Sleep Important For Better Anxiety Management

by Prachee published on -

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Sleep is an effective and acceptable escape from overthinking and anxiety. Now there’s a study confirming this association. According to this new study, a good night’s deep sleep can result in anxiety-reducing effects overnight.

The research highlights some significant associations between anxiety and sleep or lack thereof. It further reiterates the importance of sleep for better anxiety management and thus better overall health. One of the most significant highlights of this study, apart from pointing out that better sleep means lesser anxiety troubles, is that NREM (non-rapid eye movements) sleep is the best kind of sleep to reset the brain from anxiety to a calmer state.

It further observed that a 30% rise in anxiety can be triggered by a sleepless night. The association between sleep loss and increased anxiety was facilitated by impaired medial prefrontal cortex activity and associated connectivity with extended limbic regions.

Sleep apart from pets

“We have identified a new function of a deep sleep, one that decreases anxiety overnight by reorganizing connections in the brain,” said study senior author Matthew Walker, a UC Berkeley professor of neuroscience and psychology. “Deep sleep seems to be a natural anxiolytic (anxiety inhibitor), so long as we get it each and every night. Without sleep, it’s almost as if the brain is too heavy on the emotional accelerator pedal, without enough brake,” he added.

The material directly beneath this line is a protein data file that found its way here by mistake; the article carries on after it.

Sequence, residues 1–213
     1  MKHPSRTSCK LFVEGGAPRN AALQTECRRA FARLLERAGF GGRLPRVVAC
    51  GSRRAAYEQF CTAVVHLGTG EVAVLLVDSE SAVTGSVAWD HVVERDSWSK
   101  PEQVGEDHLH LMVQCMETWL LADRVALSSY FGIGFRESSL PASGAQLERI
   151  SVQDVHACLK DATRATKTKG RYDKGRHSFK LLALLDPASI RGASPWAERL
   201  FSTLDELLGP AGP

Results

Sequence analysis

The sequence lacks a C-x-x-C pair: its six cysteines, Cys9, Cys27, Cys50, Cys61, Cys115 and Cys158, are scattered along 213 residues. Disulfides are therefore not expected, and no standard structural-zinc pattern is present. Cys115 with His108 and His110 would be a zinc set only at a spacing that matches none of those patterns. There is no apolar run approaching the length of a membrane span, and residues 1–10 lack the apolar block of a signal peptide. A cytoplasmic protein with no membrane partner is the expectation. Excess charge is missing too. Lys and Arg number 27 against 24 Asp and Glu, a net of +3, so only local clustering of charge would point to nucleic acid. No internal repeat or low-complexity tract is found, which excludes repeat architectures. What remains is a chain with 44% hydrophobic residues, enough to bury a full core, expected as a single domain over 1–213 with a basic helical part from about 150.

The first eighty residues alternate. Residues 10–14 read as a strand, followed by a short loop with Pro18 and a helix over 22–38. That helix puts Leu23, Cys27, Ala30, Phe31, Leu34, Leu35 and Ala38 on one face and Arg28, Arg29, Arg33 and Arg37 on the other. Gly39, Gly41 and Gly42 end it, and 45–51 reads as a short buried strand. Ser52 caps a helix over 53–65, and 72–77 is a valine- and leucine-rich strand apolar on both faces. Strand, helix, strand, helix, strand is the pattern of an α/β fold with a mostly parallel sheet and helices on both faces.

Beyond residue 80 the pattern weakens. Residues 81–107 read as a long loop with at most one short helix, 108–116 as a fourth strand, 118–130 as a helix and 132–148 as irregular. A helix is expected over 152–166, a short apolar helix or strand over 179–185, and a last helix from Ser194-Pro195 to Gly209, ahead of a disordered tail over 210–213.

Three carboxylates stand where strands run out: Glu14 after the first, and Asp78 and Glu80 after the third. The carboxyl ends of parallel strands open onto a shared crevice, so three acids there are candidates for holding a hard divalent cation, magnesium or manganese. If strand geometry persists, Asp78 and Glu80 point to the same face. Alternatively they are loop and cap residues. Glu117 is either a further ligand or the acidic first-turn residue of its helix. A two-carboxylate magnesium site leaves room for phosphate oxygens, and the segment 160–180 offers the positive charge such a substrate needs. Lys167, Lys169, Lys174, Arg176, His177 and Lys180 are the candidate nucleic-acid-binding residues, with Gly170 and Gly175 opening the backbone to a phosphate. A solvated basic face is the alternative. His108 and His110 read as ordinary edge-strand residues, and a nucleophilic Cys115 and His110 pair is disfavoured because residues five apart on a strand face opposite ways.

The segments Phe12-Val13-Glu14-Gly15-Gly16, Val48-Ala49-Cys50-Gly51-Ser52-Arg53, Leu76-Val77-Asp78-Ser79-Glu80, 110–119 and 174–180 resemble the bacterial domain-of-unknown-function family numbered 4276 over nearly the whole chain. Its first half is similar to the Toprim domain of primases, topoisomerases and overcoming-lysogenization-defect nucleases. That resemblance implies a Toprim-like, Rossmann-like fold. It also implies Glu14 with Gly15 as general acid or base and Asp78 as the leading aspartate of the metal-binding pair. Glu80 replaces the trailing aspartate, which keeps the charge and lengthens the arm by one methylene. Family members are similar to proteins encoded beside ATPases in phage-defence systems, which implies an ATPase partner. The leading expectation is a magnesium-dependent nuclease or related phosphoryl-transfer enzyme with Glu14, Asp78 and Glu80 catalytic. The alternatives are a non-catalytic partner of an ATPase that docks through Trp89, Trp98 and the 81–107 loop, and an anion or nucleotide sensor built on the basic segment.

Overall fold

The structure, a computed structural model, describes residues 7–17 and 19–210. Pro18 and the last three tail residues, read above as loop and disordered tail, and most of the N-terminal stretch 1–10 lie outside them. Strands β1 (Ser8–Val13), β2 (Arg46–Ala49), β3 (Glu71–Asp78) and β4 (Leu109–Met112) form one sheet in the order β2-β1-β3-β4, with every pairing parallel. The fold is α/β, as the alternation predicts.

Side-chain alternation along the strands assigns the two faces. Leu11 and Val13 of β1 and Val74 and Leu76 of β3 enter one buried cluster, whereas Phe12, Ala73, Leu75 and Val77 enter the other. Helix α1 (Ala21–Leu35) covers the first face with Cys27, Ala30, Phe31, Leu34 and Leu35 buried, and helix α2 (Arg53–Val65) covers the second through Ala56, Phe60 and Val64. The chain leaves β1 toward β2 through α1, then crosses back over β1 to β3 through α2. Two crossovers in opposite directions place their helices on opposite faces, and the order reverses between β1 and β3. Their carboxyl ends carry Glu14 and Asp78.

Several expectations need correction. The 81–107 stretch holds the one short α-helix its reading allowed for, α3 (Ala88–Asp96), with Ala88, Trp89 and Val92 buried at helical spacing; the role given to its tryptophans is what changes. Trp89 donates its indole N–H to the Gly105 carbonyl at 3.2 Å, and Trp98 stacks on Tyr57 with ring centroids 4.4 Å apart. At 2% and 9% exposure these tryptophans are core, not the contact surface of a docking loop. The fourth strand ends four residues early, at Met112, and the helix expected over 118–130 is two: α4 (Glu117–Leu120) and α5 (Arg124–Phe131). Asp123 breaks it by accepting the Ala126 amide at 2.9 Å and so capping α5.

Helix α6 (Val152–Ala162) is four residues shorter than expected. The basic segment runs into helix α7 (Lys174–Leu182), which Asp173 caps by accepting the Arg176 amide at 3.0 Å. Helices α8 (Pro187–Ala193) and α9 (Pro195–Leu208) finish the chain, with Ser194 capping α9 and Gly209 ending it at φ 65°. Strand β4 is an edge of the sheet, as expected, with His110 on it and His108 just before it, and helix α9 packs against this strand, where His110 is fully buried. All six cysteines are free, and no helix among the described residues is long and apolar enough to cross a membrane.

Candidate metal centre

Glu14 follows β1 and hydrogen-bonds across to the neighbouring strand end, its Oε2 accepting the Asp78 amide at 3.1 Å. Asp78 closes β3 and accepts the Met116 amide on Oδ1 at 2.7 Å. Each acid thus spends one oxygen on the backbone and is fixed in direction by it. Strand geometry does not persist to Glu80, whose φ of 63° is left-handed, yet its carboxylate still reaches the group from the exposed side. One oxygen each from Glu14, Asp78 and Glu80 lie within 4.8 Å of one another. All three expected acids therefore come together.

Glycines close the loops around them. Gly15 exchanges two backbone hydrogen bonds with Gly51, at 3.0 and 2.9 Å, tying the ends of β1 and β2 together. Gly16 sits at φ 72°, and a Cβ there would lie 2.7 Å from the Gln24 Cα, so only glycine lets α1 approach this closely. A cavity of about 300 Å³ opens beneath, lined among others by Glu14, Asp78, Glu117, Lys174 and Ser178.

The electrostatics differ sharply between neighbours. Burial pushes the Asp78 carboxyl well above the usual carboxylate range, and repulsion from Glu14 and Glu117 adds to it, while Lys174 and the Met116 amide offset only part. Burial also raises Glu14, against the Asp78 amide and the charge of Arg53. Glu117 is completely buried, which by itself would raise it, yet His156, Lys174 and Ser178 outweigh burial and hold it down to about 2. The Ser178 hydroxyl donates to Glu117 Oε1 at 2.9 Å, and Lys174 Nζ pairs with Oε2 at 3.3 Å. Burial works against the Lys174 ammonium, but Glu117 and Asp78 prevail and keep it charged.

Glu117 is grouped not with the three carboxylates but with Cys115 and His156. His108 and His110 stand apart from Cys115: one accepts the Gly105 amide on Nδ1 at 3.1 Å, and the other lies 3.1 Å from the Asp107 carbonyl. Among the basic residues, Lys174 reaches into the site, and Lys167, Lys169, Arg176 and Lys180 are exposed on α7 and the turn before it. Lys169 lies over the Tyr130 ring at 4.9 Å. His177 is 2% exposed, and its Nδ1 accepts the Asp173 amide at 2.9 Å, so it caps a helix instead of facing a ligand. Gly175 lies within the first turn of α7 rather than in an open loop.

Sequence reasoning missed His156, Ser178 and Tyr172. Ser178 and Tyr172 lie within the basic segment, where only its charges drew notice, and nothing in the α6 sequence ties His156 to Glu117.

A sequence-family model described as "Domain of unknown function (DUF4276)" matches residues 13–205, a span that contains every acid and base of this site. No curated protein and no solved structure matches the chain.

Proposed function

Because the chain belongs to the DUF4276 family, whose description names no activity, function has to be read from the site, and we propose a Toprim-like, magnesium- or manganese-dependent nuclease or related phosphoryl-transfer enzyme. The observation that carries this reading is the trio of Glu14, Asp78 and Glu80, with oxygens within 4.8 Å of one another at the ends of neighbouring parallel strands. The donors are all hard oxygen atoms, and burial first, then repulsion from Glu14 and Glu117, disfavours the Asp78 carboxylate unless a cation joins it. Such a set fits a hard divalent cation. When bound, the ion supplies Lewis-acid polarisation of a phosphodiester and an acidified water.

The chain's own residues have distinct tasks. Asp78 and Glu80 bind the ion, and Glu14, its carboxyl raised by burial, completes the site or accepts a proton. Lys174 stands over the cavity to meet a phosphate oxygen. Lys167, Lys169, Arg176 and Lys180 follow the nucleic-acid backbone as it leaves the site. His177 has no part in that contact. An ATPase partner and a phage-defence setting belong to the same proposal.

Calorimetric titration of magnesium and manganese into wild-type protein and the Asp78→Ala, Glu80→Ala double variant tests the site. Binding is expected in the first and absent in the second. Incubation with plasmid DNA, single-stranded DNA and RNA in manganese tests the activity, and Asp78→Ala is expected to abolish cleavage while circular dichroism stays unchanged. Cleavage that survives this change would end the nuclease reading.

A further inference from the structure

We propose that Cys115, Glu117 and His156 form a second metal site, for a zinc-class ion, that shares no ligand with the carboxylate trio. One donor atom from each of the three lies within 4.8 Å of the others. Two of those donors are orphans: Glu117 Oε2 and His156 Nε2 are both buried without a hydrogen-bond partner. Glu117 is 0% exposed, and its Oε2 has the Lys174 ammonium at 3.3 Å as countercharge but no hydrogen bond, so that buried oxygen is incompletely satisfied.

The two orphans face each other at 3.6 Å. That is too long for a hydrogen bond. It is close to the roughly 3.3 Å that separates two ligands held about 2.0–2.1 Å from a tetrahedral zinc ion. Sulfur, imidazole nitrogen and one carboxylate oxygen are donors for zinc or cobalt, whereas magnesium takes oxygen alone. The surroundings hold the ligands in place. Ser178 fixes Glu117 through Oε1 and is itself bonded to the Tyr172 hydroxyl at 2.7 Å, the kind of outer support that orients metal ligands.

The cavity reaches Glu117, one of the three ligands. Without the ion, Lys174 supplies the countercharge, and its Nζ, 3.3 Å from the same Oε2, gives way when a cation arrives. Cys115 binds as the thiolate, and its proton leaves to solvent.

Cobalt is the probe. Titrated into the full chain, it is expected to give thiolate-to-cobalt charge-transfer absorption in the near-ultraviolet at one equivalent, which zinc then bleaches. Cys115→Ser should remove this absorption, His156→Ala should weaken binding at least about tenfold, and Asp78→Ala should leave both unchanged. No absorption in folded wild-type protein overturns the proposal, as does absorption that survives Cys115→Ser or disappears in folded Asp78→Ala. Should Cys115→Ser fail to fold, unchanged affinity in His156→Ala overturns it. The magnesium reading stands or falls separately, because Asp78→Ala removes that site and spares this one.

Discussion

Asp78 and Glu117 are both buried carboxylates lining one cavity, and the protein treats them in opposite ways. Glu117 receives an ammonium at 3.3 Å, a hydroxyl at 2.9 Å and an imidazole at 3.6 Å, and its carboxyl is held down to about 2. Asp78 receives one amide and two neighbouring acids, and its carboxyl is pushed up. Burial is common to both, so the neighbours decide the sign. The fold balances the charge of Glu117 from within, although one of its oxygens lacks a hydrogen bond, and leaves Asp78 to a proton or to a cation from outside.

With these results, sleep comes across as a natural, non-pharmaceutical alternative for anxiety therapy, while NREM sleep assumes significance in such situations. The paper was published in the Nature Human Behaviour journal and was conducted by a team of researchers from UC Berkeley. Protection Status
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About the Author

Prachee is a content writer for Organic Facts and is responsible for writing on the latest wellness trends. A former Journalism & Media teacher, she prides herself on being able to seamlessly dabble between health, science, and technology. She has completed her Masters in Communication Studies from the University of Pune, India as well as an online course on “Introduction to Food and Health” from Stanford University, US. Prachee fancies herself to be a poet and a cook when the rare lightning of inspiration strikes.

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